About 2 years ago, we was at this church garage sale and my husband and I came upon this rocking chair. It was old but sturdy...they don't make them like this anymore. My 6'3" husband fit in it nicely and I thought, "What a great chair to buy for a future nursery someday." At a price of $20 we couldn't resist. This chair sat in our garage until I was about 6 months pregnant and decided I better get working on refinishing it for the nursery.
I have refinished quite a few things in my life. I grew up with a Mom who stained all the wood in all the houses we lived in (five houses in total) and refinished quite a few little tables, desks, and other objects along the way. I know refinishing, but when it came to this chair I almost gave up on it.
Just a note to all you people out there, when you are starting a refinishing project...think about entire layout of the object you are working with. This chair might have only cost my $20 to purchase, but I ended up spended over $120 on refinishing supplies.
This refinishing project was so horrible because:
A) The dowels
B) The original finish
To refinish most wooden furniture you take the following steps:
1. Sand down the original finish. Start from the smaller numbers and move to the highest number on sand paper.
2. Rub down with steel wool (smoother finish)
3. Stain (2 coats are the best)
4. Polyurethane to protect
This chair was very beat up so I needed smooth out the wood and sand down the chair to the wood grain. I started out with a 60 grit sandpaper and worked my way up.
As I started sanding this chair, I noticed how tough it was to sand off the old finish. After working on it for a few hours I realized what was wrong...the original finish was covered in shellac! Well I am assuming that is what it was, either that or about 20 layers of polyurethane. Anyways, sanding it was tough! It used up so much sand paper.
Then the real reason why I hated doing this chair...the dowels. There was no tool on earth that fit into those tiny spaces of the decorations on the dowels. I first tried to buy a stain stripper. I tried two brands and nothing would remove the finish on the dowels. Sanding was the only option. Luckily, I found this sander at Lowe's for $40 and it could get into the tiny space somewhat, but the paper ran out so quickly I had to keep buying more packs of sandpaper. The packs cost about $10 a pack and I think I had to purchase four of them.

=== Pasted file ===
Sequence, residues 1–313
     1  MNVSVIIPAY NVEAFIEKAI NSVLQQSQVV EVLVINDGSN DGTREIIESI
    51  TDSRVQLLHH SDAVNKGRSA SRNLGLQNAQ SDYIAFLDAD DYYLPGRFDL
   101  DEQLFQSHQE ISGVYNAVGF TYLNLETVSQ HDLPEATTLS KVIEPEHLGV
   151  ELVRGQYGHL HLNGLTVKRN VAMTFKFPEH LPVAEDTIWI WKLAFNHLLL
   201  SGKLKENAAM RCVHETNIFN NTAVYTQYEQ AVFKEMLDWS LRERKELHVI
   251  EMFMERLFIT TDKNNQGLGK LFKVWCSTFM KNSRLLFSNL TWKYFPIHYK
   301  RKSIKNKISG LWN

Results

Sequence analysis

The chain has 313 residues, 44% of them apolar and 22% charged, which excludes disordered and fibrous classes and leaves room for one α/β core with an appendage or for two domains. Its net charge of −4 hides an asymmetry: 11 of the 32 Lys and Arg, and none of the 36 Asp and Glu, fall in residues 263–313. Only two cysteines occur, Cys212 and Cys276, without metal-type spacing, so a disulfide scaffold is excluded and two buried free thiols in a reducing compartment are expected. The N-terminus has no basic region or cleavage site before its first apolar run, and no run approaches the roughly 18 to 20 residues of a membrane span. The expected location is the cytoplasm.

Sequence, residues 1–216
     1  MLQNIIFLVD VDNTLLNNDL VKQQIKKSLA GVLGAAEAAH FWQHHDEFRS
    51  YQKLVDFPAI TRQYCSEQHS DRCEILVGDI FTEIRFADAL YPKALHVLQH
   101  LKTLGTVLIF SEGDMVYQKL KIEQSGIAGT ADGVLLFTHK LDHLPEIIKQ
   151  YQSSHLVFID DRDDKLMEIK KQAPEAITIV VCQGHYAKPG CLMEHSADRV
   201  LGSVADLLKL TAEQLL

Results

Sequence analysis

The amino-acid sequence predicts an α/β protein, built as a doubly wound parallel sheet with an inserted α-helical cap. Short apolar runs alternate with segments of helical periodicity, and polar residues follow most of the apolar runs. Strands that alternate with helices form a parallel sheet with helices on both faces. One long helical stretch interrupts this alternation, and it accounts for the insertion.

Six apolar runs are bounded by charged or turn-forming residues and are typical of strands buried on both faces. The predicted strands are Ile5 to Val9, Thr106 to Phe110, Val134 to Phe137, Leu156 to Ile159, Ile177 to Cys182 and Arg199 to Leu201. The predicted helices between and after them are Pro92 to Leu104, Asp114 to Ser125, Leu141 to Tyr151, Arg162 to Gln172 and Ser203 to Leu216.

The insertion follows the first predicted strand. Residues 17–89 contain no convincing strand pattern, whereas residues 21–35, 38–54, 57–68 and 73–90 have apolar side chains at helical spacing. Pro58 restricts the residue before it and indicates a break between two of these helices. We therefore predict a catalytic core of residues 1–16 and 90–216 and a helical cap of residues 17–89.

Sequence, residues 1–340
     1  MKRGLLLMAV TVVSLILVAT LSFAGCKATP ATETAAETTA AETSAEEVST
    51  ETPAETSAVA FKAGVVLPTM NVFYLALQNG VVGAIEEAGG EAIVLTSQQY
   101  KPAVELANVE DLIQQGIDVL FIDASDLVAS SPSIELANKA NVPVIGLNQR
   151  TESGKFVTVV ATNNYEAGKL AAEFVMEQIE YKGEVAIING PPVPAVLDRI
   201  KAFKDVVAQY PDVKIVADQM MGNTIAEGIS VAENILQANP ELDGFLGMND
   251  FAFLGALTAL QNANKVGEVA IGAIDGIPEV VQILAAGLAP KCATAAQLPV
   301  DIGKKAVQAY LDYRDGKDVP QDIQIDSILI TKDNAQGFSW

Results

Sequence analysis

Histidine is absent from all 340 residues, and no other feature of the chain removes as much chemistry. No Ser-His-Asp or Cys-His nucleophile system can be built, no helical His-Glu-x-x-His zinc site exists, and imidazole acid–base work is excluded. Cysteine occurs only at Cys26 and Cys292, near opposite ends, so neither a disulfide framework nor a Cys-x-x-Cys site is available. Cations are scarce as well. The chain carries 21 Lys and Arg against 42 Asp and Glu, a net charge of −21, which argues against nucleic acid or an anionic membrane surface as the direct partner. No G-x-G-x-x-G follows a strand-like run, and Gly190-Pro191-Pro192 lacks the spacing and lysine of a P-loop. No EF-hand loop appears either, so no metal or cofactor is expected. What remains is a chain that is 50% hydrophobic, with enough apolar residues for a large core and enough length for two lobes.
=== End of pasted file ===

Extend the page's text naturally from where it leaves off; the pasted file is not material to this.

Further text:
Even though I had the fancy sander above, I spent at least 40 hours sanding this chair. You can ask all of my neighbors. They would walk by and make comments like "still working on that chair I see" or "when is that chair going to be done". This chair had me crying at least twice (or maybe it was pregnancy hormones.) I wanted so badly for it to be finished the the STUPID dowels took so long!
On top of that, the problem still remained that I couldn't find anything to get into the little cracks on the dowels and original finish was just sticking out. After one tearful evening, about two weeks before my inducement date, I gave up. Who cares if about the original stain I can't seem to get off this thing...I was planning on staining it dark anyway. Here is the chair when I finally gave up sanding.
Next was the staining part. I wanted to match the light cherry wood in our nursery, so I mixed up some red mahogany and golden oak and I came up with a color that was almost the right shade. I needed just a little more red in it to match the nursery furniture.
My Mom knew how much I was fretting about finishing this chair before the baby's arrival, so she suggested I purchase this awesome product she had found. Varathane makes this stain and polyurethane in one. It was a lifesaver. I purchased the cherry color and it added just the right amount of red to the wood and applied the polyurethane at the same time. I used two cans, which at $10 a can it's not cheap stuff, but it was worth the time it saved me. It took a few days to apply each coat, but it worked out great overall. As you can see the finished product turned out beautifully!
The moral of this story about the rocking chair is to "Think clearly about a refinishing project before you start it." This project ended up costing me more then just going out and buying a new rocking chair. It was $20 for the chair, $40 for a new sander, $40 in sandpaper (if not more) and $20 for the stain. That means I spent over $120 on this chair and that's not including the hours I spent working on this project. Granted this chair should last for years to come and looks great but the pain it caused me was not worth it.
By the way, did I mention my son hates this chair? I wanted it finished for his feedings and he hates eating out of this chair. I don't understand it, but maybe the next child will appreciate all my hard work more :)